The Ministry of Education has fired four ex-Cambodia National Rescue Party members from their teaching jobs in Siem Reap province, according to a letter from Education Minister Hang Chuon Naron.
The teachers, who received the letter today, claimed the move was "politically motivated" and "unjust". The letter was signed on January 30, the same day the ministry finalised the termination of Rong Chhun, a former ministry staffer who resigned from the National Election Committee in protest of the forcible dissolution of the Cambodia National Rescue Party.
The letter asks the Siem Reap Provincial Education Department to “terminate” Hong Sokchea, a teacher at Hun Sen Tapenh Primary School; Peat Mab, a teacher at the Provincial Teacher Training College; Mut Morla, a teacher at Siem Reap Town High School; and Chan Sophea, also a teacher at Siem Reap Town High School.
The four were fired for being “absent without permission” since January 1, the same justification cited for terminating Chhun. All five had taken a leave of absence from their educational positions in order to take on political roles, Chhun as a CNRP-appointed official at the NEC and the four teachers in local level positions with the CNRP. Their jobs were ostensibly being held for them by the Ministry of Education, but were allegedly terminated because they did not seek to return to work promptly enough after their party's dissolution.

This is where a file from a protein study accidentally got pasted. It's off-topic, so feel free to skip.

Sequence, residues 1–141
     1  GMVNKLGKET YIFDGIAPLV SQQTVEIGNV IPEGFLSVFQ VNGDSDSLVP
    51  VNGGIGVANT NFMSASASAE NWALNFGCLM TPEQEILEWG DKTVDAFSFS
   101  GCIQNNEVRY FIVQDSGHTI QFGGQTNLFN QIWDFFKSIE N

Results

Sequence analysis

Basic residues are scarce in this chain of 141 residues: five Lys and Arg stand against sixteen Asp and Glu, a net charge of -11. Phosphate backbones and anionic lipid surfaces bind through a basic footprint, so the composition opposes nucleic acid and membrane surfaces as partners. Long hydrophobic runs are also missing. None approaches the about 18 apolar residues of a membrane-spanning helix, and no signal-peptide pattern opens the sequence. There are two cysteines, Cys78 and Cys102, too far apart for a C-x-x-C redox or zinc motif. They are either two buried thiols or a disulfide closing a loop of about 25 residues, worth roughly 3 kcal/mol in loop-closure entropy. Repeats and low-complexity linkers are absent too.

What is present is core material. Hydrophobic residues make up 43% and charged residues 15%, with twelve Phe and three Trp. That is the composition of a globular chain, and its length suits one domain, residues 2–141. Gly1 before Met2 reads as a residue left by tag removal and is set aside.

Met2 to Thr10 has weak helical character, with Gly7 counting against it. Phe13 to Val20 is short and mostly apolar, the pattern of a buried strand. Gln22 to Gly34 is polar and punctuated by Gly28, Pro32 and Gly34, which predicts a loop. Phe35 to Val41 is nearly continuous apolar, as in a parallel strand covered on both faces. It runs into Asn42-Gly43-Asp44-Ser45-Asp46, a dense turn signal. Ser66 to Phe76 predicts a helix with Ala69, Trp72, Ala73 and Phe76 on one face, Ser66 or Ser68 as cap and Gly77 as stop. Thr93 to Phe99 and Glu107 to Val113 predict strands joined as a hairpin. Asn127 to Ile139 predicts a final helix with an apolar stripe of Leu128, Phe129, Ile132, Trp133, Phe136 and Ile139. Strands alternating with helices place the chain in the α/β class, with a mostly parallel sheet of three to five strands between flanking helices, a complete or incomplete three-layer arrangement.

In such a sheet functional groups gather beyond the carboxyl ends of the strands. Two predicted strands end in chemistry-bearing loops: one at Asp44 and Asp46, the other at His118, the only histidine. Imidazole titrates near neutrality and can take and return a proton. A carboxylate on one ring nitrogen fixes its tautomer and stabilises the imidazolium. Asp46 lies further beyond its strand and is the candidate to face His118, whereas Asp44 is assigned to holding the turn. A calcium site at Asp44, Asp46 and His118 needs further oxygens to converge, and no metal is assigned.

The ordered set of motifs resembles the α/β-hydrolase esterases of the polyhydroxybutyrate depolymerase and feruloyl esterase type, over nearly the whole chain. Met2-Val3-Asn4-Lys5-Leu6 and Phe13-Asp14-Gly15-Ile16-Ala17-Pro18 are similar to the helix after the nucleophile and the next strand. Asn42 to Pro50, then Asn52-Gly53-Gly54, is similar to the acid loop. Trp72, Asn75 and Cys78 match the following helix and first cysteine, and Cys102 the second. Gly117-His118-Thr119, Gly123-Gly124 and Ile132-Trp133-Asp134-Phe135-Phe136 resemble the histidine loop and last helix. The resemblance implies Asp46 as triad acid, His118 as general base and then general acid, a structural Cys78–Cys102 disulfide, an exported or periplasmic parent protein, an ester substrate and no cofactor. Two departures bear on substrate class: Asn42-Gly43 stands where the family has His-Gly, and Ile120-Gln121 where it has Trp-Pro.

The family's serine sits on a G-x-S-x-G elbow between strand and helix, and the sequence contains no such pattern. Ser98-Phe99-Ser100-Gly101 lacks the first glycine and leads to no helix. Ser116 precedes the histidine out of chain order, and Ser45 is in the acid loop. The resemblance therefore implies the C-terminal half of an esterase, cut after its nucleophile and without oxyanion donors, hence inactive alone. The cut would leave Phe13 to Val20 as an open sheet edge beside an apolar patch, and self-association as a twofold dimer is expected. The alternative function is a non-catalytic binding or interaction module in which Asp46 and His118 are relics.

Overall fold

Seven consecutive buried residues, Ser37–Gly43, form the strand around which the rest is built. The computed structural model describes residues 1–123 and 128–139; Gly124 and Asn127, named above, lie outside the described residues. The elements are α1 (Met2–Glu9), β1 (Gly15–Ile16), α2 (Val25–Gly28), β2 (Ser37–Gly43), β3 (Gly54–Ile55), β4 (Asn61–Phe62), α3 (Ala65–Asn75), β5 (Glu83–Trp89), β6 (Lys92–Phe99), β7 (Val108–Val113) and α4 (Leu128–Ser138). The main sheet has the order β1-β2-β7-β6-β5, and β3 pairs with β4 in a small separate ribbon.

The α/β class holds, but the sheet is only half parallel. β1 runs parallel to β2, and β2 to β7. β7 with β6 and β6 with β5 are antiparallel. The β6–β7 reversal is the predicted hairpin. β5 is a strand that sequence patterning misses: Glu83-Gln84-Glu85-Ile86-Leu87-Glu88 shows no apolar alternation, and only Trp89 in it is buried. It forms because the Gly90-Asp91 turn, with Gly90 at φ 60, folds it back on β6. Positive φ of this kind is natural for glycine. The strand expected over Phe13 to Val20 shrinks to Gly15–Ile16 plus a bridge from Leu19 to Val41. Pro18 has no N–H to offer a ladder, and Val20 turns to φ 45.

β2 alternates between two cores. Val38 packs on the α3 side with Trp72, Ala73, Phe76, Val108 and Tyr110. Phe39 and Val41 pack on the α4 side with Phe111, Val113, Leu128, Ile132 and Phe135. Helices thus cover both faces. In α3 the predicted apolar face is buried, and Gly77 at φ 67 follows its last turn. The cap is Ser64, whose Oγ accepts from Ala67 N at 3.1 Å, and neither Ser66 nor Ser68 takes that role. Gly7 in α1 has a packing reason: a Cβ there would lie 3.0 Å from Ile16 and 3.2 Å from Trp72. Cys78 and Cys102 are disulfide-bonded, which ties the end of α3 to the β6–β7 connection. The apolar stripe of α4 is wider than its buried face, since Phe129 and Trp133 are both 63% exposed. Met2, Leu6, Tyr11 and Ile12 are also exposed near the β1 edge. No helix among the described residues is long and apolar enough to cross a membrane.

However Mab, a former deputy director of the CNRP in Siem Reap, said after the opposition was forcibly dissolved at the government's behest in November, the teachers filed a request to resume their education duties on December 11, but the provincial Education Department delayed sending the requests to the ministry until January 15.
“If I had not filed a request to [resume] work, it’s my mistake, but I did file” he said. “The Education Department suspended our work awaiting for a decision from the ministry.”
Mab had asked to take leave before becoming involved in politics a year and a half ago. He added that he was sorry about the ministry’s failure to comply with the law, but the ministry “worked more for the [ruling] party”.
Morla, a former executive director for the CNRP in Siem Reap, also denied having been absent without permission.
“This case is not my mistake, but the government officials discriminate against me,” he said. “It’s politically motivated and very unjust.”
Morla took leave a year ago. Sokchea and Sophea, meanwhile, had been commune council members in Siem Reap.
Soy Tithya Vong, director of the provincial Education Department, confirmed having received the orders from Chuon Naron and claimed it was in line with the ministry’s procedures, and he therefore couldn’t oppose the terminations.
“I only follow the ministry’s guidelines, and I’m not interested in anything more about these removals because they were absent without permission,” he said.
Chhun, who was also formerly the head of a teachers union, said the terminations were a violation of ministry rules as individuals had to be summoned first before termination.
The Education Ministry did not respond to a request for comment.